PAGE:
Investment in early childhood development has life-long returns

Wednesday September 30 2015

By Shafique Sekalala

Investments in nursery schools can improve children’s academic performance in later life and contribute to the overall quality of life in a country.

Research has shown that nursery schools, also known as Early Childhood Development (ECD) programmes, can foster critical skills, boost the economy and bolster the workforce. Given the prevalence of poverty in Africa generally, and Uganda in particular, investing in nursery schools for disadvantaged children would, therefore, have a long-lasting positive impact on Uganda’s socio-economic status.

The last decade has yielded compelling evidence that programmes focused on the holistic development of young children boost earnings and reduce social spending for governments. According to research by Nobel Laureate James Heckman, the “rate of return for investments in quality early childhood development for disadvantaged children is 7-10 per cent per annum through better outcomes in education, health, sociability, economic productivity and reduced crime”.

In Uganda, many children face perennial obstacles to attain quality education due to lack of pedagogical support at home. It is crucial for the country to understand the importance of ECD to harness its unrealised potential and provide a good learning environment for young children.

Lack of quality ECD programmes has resulted in poor performance for many students as many of them are unable to catch up fast enough in primary schools. This can be seen in the poor education results in Uganda over the years. In 2011, the Uwezo Annual Learning Assessment Report showed that 9 out 10 of Primary Three pupils could not read a Primary Two level text.

Understandably, this trend has caused considerable concern among senior education officials. Early this year, Dr Mukasa Lusambu, assistant commissioner in the Basic Education Department said, “Results indicate that pupils who go through nursery perform better at primary than those who go straight to primary.
Government loses a lot of resources if children do not go through the system as planned. The government is already paying for them under Universal Primary Education programme. It shouldn’t be a problem to streamline it.”

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Therefore, believing that investment in ECD will lead to better results in the future, the Ministry of Education has opened up discussions to consider implementing a policy of having a nursery school in every primary school.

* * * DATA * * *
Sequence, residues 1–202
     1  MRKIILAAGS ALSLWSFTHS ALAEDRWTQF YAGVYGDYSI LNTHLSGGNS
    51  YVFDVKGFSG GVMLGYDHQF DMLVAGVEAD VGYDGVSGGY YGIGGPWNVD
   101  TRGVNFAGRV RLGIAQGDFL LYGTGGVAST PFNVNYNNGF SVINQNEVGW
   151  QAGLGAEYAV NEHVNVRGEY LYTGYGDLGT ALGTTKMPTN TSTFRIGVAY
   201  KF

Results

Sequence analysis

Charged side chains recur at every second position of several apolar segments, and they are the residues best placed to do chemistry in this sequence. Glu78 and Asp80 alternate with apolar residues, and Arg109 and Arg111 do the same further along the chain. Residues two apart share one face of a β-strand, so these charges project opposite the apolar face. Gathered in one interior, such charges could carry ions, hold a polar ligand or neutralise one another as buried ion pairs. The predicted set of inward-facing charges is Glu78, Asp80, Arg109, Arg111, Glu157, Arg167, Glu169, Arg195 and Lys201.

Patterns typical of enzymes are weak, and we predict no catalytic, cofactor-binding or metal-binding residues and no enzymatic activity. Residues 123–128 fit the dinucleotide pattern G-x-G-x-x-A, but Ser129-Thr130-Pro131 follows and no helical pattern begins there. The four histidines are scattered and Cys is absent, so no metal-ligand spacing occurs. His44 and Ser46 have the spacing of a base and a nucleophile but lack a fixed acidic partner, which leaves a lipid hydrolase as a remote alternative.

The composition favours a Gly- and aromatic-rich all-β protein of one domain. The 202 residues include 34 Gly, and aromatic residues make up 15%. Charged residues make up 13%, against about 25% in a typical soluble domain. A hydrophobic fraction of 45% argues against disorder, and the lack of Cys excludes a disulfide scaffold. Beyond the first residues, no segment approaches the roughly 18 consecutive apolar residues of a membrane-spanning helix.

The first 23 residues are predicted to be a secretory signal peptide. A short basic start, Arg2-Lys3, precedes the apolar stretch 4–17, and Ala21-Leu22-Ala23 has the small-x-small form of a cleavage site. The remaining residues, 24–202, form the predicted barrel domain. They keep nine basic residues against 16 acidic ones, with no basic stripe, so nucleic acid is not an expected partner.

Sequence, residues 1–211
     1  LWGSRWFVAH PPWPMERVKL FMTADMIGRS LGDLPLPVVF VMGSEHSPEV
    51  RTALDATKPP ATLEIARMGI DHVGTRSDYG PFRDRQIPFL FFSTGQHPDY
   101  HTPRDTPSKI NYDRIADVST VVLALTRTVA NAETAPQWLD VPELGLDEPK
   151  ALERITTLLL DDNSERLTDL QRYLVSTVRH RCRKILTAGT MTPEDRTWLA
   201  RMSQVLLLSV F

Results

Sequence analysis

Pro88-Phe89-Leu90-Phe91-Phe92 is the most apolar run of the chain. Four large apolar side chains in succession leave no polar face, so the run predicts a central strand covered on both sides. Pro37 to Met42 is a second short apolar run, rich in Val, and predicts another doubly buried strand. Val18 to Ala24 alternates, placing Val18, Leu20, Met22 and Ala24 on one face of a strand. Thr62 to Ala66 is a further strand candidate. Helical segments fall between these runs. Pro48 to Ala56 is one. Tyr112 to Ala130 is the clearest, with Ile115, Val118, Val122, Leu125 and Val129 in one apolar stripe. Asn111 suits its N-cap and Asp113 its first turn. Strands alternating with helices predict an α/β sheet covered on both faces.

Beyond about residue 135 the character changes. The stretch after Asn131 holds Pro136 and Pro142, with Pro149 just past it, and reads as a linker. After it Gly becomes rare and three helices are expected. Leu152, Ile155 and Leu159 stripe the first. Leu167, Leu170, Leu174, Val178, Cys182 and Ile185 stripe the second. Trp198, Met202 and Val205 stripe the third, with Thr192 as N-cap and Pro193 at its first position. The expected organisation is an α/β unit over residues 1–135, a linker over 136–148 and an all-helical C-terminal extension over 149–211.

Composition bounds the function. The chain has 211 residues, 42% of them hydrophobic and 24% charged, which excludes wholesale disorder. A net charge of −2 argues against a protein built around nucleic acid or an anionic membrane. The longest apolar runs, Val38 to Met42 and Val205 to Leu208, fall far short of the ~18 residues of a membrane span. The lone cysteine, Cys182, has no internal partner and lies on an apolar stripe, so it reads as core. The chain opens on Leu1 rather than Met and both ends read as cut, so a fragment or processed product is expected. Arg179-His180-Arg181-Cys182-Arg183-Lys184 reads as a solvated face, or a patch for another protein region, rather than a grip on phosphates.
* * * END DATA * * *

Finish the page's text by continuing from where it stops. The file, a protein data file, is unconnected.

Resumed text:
Opening an ECD centre in every primary school is a step in the right direction, but there are several challenges that need to be addressed for a successful rollout.

The greatest challenge is the shortage of adequate teachers and classrooms for ECD services. There are approximately 20,000 primary schools in Uganda, meaning at least 20,000 ECD centres will need to be established. If each ECD centre on average hires two ECD caregivers, the question to ask is: Do we have approximately 40,000 caregivers – the bare minimum of ECD professionals needed – to meet the increasing demand?

Studies show that the ideal student to teacher ratio is one teacher for every 17 children. Uganda has one of the youngest populations in the world. And, with an average population growth rate of 3.2 per cent per annum, such a teacher-pupil ratio seems difficult to attain given the constrained resource envelope.

However, it is not all gloom and doom. Cognisant of this challenge, the Aga Khan Foundation, through its early childhood development programme, the Madrasa ECD Programme (MECP), has over the last two years established and obtained licensing for a fully-fledged independent ECD Teacher Training Institute.

The Madrasa ECD Institute (MECDI) aims at mitigating this huge skills gap that the country currently faces, and that will only grow worse going forward once the government rolls out its new ECD policy.

MECDI has trained over 350 ECD teachers – some of whom will be graduating on October 2, 2015 – but it is not possible for it to expand access to the much-needed ECD teacher training services without additional support from the government or other development partners.

There are also many other ECD training institutes out there contributing to addressing this challenge. However, it is noteworthy that perhaps only a few are recognised and licensed by the government.

Through effective government intervention, numerous children will have access to ECD services, particularly in the relatively poor rural areas. Without the necessary human, organisational and financial resources, this policy cannot be effectively implemented. Now is the time for all stakeholders to guarantee its success.

Mr Sekalala is the Programme Director, Madrasa Early Childhood Programme of Uganda

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